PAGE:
“It used to be held in Kaisaniemi Park, right in the middle of the city. It was the greatest. You’d show up, basically have an afternoon at the park, and then head straight to the bars nearby, when the sun was just barely set.” He seems to almost sigh while tossing off a plaintive, what-are-you-gonna-do shrug. “They moved the location three, four years ago.”
“So it’s not as much fun now?” I want to get my finger on the pulse of conventional wisdom.
He’s quick to clarify. “It’s still awesome. The new location just took some getting used to.” On our painless stroll through the open doorway that passes for an immigration barrier - the stamps and stern looks and “papers, please” stuff was handled back in Germany, natch - Holger gives an inside view of current happenings back at the Nuclear Blast bunker.
“We spent a lot of time promoting that Tuomas Holopainen solo album - the one about Scrooge McDuck,” he tells me. I haven’t heard it, and ask him how it is. “Not metal. That’s how it is,” he chuckles. “But cool if you’re into that wacky stuff, like the last Nightwish album.
“And we signed Slayer!” He clenches a victorious fist like a kid receiving his BB gun on Christmas. “Finally.”
We’ve reached the Arrivals lobby, and a leather-jacketed brunette gives a wave. Rachel Roth (WandererOfKalevala), Metalunderground.com photographer and correspondent, currently residing in Vantaa. We have a bus to catch, and before parting ways with Holger, I bum a cigarette, pocketing the e-cig I’ve been abusing for two months.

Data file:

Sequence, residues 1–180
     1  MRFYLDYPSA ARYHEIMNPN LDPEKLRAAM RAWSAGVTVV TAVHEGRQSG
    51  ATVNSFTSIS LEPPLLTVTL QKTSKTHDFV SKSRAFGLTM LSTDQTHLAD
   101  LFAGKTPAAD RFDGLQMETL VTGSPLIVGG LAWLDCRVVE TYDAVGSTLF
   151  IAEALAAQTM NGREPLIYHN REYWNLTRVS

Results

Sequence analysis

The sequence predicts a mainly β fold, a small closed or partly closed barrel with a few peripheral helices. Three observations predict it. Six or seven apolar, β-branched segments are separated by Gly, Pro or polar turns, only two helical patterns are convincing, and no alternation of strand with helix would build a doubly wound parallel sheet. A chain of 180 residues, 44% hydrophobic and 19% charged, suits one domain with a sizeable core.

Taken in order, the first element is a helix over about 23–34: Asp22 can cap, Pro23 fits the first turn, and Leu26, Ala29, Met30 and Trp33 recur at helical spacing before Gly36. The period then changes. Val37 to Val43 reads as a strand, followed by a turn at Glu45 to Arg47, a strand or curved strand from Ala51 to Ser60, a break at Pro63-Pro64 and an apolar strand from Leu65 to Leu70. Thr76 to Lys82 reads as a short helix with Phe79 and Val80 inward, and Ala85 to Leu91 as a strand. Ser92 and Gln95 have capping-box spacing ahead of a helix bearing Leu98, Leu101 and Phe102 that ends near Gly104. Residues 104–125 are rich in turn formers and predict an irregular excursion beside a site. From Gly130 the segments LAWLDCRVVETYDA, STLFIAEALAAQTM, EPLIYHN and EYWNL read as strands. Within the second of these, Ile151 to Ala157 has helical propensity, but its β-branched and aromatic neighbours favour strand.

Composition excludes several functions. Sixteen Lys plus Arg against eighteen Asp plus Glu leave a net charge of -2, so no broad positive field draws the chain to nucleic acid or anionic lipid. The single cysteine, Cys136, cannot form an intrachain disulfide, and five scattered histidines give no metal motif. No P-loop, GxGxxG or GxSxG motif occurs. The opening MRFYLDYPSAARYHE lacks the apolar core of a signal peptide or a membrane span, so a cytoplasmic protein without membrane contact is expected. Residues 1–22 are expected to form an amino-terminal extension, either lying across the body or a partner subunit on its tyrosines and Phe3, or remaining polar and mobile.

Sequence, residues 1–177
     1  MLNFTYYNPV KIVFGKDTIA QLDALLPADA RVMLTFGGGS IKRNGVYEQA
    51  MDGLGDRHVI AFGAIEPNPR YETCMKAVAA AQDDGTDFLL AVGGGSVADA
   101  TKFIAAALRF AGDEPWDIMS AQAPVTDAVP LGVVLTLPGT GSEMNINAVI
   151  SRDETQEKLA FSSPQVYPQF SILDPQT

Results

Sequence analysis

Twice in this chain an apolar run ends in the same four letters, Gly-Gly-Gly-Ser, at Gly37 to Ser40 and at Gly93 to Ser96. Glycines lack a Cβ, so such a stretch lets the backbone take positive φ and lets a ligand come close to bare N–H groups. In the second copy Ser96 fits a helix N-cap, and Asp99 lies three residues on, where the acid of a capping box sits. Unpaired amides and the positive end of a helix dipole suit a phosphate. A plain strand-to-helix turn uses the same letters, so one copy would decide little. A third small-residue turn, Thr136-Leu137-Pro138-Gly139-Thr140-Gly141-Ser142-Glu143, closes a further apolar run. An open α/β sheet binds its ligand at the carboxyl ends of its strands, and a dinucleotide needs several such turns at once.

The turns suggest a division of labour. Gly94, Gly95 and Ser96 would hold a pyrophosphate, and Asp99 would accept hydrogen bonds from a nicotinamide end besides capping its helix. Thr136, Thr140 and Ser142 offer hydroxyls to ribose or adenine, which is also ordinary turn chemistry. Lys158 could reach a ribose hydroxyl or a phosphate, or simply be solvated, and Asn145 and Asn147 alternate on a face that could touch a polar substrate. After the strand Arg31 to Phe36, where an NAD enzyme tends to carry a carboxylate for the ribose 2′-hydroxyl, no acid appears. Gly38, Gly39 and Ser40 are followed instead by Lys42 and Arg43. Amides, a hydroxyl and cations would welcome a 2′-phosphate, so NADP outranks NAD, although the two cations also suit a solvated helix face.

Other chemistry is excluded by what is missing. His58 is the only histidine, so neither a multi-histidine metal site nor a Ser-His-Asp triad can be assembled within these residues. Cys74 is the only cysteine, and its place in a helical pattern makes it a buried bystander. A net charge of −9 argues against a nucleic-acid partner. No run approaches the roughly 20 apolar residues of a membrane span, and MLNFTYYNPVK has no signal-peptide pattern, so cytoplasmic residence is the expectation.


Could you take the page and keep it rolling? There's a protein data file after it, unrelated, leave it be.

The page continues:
I make a half-hearted promise to myself not to do this too much during Tuska (and not to beat myself up for doing just that). Rationalization is still the great human sport. More...
The old saying proclaims that experience is something you cannot improvise or replicate. You need to acquire it through years at the war front, whatever your skill set is.
That was demonstrated on July 29th when the now mandatory Summer Slaughter Tour came to the State Theater, located in St. Pete, Florida. None of the participating bands on the current tour (including heavyweights Goatwhore, Origin, and the mighty Dying Fetus) were remotely close to reach the level of obliterating power and majestic sense of darkness showcased by legendary headliners, Morbid Angel.
Some people might disagree but to us, it's clear that after three decades pioneering and redefining the Death Metal genre, the appeal and panache of this Floridian quartet is impossible to emulate. That was demonstrated in the way every song on their set list (both old or new) was received by the rabid fans. "Rapture" "Fall from Grace", "Where The Slime Lives" and even the most recent "Existo Vulgoré" were all worshiped with equal level of euphoria by those in attendance. If that doesn't prove the longevity and influence of the band's repertory on older and newer generations, then, nothing else will. More...